Are you verifying the information from Wikipedia?22. August 2012 - 19:52 — Sanela Gojak
After 244 years, Encyclopedia Britannica ceased to publish their printed editions that have been negligible in the past few years.
As Internet is now the most promising media for communication and information transfer, so the Britannica focused on the expansion over digital media because of increased competition websites such as Wikipedia.Wikipedia is a free-content encyclopedia on the Internet, developed by volunteers with the help of a special wiki software.
Wikipedia has more than seven million articles in 253 languages. Its articles are written jointly by volunteers from around the world, and the vast majority of articles can be edited by anyone with access to the Internet. Any page on Wikipedia can always be amended, so no article is never completed.
• It is, or tries to be, mainly Encyclopedia.
• It is a wiki, that can be modified by anyone (except blocked users).
• It is free and uses the GNU license.
Representatives of Britannica, who once sold their encyclopedia in direct offer from door to door, now 85 percent of its profit generates on the Internet. And for the access to online edition of full range subscription is required.
Jorge Cauze, president of Britannica, said for the BBC they decided to wade to digital edition due to changes in consumer habits, and that the ability to update content in a very short time also played a big role in the decision to cease printing encyclopedias.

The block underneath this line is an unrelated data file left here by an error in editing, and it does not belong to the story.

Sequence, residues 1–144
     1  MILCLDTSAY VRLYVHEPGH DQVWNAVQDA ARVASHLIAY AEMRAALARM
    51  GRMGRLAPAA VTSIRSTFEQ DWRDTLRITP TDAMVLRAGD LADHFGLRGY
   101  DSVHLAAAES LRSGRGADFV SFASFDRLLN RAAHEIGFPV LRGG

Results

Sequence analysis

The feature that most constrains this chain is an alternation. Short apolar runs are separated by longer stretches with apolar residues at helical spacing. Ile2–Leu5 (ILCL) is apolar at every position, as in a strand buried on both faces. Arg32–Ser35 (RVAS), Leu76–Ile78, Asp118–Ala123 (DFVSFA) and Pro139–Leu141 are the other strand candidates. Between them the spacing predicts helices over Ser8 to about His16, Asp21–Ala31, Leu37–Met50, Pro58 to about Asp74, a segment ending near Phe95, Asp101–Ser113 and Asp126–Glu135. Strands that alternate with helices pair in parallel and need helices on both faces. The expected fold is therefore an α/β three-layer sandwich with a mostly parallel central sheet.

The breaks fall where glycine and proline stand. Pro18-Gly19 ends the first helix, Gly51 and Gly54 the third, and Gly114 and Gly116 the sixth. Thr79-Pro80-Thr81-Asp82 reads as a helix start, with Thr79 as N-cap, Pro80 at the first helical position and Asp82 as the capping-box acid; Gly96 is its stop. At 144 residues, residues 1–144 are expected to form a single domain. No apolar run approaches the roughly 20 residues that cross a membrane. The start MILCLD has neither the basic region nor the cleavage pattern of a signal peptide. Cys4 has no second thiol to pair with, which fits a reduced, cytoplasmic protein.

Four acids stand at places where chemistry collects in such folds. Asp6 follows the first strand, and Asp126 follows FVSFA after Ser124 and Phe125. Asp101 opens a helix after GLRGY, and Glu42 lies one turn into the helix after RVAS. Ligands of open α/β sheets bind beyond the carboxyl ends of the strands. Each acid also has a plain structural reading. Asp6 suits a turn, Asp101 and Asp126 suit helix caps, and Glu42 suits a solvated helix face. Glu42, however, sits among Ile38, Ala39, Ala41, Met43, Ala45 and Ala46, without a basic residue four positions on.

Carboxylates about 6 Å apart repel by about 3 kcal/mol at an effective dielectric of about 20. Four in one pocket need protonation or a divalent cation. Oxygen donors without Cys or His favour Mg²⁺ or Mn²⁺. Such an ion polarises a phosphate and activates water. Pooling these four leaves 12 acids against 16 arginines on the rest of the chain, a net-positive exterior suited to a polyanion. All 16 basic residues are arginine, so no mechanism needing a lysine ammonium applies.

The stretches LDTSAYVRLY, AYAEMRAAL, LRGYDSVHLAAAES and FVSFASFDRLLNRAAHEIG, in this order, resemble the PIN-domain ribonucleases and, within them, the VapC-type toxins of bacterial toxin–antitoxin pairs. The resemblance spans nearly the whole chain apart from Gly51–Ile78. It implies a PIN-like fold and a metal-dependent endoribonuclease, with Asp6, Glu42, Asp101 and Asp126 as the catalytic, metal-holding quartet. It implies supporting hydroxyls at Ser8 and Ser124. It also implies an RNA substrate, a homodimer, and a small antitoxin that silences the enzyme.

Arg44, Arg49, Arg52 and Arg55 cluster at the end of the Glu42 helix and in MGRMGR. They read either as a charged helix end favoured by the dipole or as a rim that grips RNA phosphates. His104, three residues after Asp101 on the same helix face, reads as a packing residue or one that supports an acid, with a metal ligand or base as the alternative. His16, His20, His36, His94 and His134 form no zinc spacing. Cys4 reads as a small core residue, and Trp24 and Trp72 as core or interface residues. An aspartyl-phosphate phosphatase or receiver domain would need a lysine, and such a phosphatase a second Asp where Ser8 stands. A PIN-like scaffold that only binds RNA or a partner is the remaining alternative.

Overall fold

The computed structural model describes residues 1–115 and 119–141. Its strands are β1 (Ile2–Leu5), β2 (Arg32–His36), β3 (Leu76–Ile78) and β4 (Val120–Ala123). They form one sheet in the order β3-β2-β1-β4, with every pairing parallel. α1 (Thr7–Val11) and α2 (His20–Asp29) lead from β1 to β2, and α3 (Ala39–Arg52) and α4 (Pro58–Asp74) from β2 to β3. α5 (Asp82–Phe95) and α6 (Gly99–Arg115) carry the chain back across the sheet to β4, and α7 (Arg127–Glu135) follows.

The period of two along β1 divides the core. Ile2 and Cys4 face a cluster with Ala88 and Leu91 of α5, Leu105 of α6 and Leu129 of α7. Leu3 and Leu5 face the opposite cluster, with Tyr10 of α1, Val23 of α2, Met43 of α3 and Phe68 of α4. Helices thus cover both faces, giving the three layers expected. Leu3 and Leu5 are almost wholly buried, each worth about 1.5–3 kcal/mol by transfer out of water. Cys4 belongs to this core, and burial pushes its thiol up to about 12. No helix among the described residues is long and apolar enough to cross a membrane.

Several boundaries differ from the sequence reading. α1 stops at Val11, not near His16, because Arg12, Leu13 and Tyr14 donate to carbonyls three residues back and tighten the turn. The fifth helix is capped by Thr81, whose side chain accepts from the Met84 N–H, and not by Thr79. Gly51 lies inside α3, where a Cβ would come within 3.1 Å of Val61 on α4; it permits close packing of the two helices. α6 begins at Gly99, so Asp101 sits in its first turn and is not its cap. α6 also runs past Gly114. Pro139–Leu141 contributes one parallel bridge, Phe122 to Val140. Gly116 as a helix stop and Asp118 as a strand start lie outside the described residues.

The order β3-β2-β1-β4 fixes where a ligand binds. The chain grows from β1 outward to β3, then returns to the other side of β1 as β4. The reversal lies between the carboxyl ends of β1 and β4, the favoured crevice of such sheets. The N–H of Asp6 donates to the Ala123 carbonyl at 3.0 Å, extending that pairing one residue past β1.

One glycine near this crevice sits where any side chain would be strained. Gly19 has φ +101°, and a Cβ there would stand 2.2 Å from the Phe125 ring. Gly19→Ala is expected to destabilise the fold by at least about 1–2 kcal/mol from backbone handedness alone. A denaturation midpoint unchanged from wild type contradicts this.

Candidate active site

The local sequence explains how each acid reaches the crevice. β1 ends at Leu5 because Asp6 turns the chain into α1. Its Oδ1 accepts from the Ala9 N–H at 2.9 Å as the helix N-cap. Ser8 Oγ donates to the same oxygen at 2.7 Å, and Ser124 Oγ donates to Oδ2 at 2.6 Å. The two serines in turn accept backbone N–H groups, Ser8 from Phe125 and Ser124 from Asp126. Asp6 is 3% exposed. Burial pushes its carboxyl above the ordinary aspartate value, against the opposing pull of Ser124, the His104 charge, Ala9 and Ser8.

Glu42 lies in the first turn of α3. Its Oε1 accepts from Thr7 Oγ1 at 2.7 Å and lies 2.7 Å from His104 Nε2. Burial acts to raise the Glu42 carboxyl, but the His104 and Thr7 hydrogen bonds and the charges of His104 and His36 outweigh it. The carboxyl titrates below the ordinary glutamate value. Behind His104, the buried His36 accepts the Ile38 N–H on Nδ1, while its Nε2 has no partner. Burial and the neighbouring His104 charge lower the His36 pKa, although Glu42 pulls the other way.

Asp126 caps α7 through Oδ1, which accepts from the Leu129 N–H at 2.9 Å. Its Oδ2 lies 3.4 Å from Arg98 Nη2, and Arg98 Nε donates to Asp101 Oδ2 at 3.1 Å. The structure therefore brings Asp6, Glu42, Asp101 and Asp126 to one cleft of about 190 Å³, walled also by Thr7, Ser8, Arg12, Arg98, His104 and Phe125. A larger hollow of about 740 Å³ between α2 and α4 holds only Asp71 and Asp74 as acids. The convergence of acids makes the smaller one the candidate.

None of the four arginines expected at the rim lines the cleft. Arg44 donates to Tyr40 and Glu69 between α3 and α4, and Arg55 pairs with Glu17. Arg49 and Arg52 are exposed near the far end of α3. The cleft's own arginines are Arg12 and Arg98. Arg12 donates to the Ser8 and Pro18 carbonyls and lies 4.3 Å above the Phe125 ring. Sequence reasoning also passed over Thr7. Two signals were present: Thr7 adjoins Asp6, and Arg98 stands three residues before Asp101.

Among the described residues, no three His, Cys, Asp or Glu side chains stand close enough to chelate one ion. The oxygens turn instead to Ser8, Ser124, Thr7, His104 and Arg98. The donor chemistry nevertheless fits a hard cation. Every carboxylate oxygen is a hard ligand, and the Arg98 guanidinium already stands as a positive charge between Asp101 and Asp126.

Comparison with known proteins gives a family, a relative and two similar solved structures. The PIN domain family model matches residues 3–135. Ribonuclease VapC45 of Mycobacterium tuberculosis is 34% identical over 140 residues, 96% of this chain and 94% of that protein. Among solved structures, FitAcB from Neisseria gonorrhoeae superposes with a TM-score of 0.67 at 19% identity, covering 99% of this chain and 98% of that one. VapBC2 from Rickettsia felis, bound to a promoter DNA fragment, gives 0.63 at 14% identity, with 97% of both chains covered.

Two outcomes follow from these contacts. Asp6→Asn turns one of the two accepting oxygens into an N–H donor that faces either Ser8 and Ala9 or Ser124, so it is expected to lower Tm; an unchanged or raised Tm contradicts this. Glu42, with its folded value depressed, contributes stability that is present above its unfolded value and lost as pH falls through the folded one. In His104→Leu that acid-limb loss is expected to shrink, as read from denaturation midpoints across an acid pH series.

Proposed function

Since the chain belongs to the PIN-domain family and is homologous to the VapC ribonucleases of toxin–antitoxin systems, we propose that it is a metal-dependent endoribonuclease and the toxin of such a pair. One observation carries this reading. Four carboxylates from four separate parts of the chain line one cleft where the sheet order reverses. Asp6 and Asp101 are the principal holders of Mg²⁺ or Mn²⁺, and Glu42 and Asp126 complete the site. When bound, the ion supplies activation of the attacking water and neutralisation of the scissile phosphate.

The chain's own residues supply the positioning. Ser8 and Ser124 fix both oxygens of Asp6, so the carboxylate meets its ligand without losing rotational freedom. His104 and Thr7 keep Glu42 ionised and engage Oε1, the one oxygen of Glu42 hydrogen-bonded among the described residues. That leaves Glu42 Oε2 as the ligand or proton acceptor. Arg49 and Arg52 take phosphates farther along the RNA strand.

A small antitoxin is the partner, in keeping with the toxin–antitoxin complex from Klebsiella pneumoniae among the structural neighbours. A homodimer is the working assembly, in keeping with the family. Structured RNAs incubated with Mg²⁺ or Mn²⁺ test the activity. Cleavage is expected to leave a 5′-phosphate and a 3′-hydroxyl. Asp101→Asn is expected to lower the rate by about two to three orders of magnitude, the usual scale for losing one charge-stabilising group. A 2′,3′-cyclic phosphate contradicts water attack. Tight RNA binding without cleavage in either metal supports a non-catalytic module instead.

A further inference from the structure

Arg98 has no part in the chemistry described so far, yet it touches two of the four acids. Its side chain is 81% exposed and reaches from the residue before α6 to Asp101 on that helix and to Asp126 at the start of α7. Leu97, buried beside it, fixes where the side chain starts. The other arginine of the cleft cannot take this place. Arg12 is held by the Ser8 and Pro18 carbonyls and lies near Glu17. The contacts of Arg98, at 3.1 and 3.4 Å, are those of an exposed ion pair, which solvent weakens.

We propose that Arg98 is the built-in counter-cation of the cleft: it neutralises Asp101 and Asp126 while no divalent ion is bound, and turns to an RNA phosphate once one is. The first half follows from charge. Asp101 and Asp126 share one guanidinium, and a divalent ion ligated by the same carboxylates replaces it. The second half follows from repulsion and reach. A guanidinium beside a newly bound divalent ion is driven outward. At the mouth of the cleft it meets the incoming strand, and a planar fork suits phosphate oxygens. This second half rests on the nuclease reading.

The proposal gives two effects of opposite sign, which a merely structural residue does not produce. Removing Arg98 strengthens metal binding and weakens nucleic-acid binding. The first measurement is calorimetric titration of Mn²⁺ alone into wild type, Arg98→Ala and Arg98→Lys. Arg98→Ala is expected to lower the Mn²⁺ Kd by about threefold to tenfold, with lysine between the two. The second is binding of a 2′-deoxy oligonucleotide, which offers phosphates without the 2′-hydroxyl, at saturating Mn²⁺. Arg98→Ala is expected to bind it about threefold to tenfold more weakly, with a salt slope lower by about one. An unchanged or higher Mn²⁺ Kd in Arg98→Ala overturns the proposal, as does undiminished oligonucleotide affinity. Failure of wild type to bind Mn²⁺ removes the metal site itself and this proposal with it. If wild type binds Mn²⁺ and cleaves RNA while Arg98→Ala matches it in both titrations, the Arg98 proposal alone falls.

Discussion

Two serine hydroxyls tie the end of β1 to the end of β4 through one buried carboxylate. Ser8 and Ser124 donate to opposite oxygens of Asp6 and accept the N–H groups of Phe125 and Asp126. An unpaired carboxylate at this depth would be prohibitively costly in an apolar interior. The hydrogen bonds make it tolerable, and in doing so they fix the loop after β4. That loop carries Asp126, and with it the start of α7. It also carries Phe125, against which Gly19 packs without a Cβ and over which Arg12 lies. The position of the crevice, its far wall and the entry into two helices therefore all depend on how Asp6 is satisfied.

In addition to standard encyclopedic informations, Wikipedia often collects informations that are commonly found in almanacs and gazetteers, or information regarding current events.
All original material supplied for Wikipedia is open, defined by the GNU Free Documentation License, which means that it can be freely consumed, modified, copied and distributed, in condition that any copy modification or amendment shall not place additional restrictions on the content (must be issued under the same consent).
Wikipedia's content is created by its users, and administrators have more control.
According to a survey conducted by the Public Relations Journal, one of four Wikipedia articles contains incorrect information. The number of errors is large, which shows just how unreliable this site is. Inspite, everyone use Wikipedia, from students to employees of different companies.
Wikipedia is useful for information on any topic, but for more serious use and transfer of data from Wikipedia, it does not hurt to visit some other sources.
On the Internet, you can find a variety of other encyclopedias, some of them are: Russian Rubrikon, Columbia Encyclopedia, World Wolfram Science, Harvard anthology, Stanford encyclopedia of philosophy, etc.
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